Al Jazeera Journalist Sues Network For $100 Million In Punitive Damages
An Al Jazeera English journalist on retrial in Egypt for supporting a terrorist group is suing his network for $100 million, his lawyer announced on Monday. Mohamed Fahmy sued the Al Jazeera network for punitive damages for negligence and breach of contract.
Fahmy’s lawyers, Joanna Gislason and Gary Caroline, announced in a news conference in Cairo that they filed the lawsuit in the British Columbia Supreme Court in Canada on May 5.
Fahmy and two other journalists, Peter Greste and Baher Mohammad, were held in Egypt for 400 days and were charged for their association with a terrorist militant group, the Muslim Brotherhood. The Brotherhood was declared a terrorist outfit by the Egyptian government after President Mohammad Morsi was ousted in July 2013.
The journalists were accused of threatening Egypt’s national security and broadcasting false news among other offenses, according to CNN.
The trio was arrested in Cairo in Dec 2013. They were found guilty of the crimes in June 2014, and were subsequently sentenced to seven years in prison.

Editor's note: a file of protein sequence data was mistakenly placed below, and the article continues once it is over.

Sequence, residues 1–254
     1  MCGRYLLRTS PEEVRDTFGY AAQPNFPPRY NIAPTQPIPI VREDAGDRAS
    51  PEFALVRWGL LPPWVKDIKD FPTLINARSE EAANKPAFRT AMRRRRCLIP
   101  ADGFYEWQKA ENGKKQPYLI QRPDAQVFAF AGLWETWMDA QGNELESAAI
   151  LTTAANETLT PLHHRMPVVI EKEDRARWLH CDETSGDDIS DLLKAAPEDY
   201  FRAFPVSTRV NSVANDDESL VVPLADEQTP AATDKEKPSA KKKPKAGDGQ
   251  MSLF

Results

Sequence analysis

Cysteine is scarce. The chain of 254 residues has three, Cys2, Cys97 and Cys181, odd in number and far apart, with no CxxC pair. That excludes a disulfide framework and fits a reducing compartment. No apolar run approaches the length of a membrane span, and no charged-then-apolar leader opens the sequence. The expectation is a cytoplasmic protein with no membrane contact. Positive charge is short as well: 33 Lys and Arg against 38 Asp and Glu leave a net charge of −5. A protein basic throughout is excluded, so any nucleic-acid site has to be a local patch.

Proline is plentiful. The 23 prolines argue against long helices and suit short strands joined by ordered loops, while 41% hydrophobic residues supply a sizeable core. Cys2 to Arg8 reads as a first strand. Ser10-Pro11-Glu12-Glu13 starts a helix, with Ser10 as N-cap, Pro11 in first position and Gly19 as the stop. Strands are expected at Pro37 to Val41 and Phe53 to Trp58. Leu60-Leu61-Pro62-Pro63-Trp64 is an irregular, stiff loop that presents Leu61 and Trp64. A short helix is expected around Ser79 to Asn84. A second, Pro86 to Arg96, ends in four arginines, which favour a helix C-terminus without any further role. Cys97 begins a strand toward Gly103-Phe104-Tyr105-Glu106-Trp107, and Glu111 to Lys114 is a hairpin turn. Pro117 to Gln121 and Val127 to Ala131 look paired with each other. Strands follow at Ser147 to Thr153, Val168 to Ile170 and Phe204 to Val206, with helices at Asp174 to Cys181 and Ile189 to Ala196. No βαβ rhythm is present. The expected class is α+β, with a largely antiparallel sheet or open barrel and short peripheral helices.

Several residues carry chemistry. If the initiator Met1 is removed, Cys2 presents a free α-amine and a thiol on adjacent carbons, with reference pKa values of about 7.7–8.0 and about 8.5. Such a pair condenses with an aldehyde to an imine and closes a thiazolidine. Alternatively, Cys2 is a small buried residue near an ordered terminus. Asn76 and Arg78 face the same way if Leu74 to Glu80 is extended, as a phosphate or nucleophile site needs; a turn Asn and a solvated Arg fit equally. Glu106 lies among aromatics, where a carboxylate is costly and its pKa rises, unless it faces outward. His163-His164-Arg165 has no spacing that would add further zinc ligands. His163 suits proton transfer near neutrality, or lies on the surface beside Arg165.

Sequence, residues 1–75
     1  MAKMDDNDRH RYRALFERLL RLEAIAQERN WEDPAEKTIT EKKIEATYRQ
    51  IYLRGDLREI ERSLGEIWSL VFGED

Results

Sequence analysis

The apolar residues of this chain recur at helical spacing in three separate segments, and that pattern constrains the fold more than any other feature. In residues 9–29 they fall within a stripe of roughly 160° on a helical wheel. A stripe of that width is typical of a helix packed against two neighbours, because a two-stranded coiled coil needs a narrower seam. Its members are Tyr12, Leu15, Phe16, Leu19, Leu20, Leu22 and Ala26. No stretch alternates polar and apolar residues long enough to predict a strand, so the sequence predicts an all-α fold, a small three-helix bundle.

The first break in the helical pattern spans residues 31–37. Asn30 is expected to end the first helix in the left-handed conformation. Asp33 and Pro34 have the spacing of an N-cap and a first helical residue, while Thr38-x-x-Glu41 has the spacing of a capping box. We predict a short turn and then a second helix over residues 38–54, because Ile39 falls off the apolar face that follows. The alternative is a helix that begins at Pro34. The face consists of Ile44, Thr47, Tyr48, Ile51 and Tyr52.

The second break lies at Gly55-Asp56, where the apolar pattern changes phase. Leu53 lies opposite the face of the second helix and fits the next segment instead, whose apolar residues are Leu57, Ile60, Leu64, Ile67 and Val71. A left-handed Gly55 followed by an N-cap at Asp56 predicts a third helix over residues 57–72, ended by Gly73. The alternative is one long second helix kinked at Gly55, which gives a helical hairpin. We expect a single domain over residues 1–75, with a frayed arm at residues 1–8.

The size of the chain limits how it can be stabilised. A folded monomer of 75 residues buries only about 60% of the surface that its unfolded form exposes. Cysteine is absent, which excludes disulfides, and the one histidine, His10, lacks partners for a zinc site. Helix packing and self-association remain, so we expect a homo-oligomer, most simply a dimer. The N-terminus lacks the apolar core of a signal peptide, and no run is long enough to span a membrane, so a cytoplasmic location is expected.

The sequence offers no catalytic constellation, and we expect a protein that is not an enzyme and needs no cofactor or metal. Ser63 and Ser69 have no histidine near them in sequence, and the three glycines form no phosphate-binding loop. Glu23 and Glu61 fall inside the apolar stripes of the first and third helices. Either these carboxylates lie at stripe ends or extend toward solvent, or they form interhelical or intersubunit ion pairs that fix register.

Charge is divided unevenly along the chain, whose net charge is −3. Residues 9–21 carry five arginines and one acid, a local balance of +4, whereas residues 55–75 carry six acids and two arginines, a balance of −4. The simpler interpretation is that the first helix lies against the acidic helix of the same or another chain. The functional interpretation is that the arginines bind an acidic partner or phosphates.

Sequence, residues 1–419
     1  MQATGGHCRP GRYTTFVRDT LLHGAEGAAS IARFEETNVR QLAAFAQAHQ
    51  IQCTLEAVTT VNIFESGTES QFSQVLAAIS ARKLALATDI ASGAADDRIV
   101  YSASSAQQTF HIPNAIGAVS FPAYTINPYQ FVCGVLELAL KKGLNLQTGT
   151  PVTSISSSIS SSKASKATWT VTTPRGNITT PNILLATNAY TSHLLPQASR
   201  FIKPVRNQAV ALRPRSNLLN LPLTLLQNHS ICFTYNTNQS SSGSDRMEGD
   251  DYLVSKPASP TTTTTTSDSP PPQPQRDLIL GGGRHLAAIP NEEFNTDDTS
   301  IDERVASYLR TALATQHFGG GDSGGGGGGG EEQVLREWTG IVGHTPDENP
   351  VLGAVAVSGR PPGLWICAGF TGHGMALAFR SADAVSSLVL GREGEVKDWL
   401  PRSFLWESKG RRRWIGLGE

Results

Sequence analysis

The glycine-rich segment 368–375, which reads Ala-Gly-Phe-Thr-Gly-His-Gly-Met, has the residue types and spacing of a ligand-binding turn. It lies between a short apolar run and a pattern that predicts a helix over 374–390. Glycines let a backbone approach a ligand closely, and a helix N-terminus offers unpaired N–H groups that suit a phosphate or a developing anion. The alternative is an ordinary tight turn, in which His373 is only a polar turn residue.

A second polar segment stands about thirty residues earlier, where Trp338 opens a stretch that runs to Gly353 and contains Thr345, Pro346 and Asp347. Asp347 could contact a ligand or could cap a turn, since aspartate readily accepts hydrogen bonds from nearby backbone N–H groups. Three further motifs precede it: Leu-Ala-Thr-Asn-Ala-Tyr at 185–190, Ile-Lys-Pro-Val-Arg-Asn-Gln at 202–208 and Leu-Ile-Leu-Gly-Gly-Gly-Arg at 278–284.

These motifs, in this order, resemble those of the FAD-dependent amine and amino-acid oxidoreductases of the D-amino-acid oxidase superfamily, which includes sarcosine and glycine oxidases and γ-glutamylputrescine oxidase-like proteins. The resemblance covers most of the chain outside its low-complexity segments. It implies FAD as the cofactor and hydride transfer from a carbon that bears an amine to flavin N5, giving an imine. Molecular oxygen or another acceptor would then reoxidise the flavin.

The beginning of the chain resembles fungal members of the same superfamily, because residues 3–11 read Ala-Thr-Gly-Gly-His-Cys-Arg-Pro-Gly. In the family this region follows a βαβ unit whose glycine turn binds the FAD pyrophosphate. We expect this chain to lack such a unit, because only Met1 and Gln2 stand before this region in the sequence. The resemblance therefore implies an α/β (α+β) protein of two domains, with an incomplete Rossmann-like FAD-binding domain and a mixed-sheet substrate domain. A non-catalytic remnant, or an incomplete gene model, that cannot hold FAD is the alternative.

In February this year, a retrial was ordered.
According to ABC World Today program, Fahmy said he was suing Al Jazeera “because they deceived us, they were negligent and they lied to us and they need to pay for hurting me and my team.”
“Just two weeks ago in the cage, me and Baher (Mohamed) were shocked to see the prosecutor present documents proving that Al Jazeera did not have the proper transmission and broadcast licenses – that is unacceptable,” Fahmy added.
Gislason spoke at a Cairo news conference that a case of negligence had been filed against Al Jazeera in a Canadian Court. Fahmy was seeking “$US100 million ($127 million) for his detention and conviction” from the network, she added.
Prosecutors will begin their closing arguments in Fahmy’s retrial on June 1, as reported by The Guardian. He is being retried alongside Baher. Greste, the third journalist, was deported to Australia after being released from jail. He will be tried in absentia.
Fahmy also sought deportation by giving up his Egyptian passport. However, he only earned a temporary Canadian passport at the end of April.
Mohamed Hamouda, Fahmy’s Egyptian lawyer, said that “[Fahmy] is seen as a traitor in Egypt” ever since he gave up his citizenship, and therefore has decided to file the suit in Canada.
Hamouda added, “He is negatively perceived. That’s why he filed the case in Canadian courts.”
An Al Jazeera spokesman said, “It’s sad to see Fahmy and his lawyer repeating criticisms of Al Jazeera made by the Egyptian authorities.
“It’s what his captors want to hear at this stage of the retrial. All governments have news outlets they don’t like, but they don’t use spurious grounds to put journalists in jail.
“If Fahmy wants to seek monetary compensation from anyone, it should be from his jailers.”
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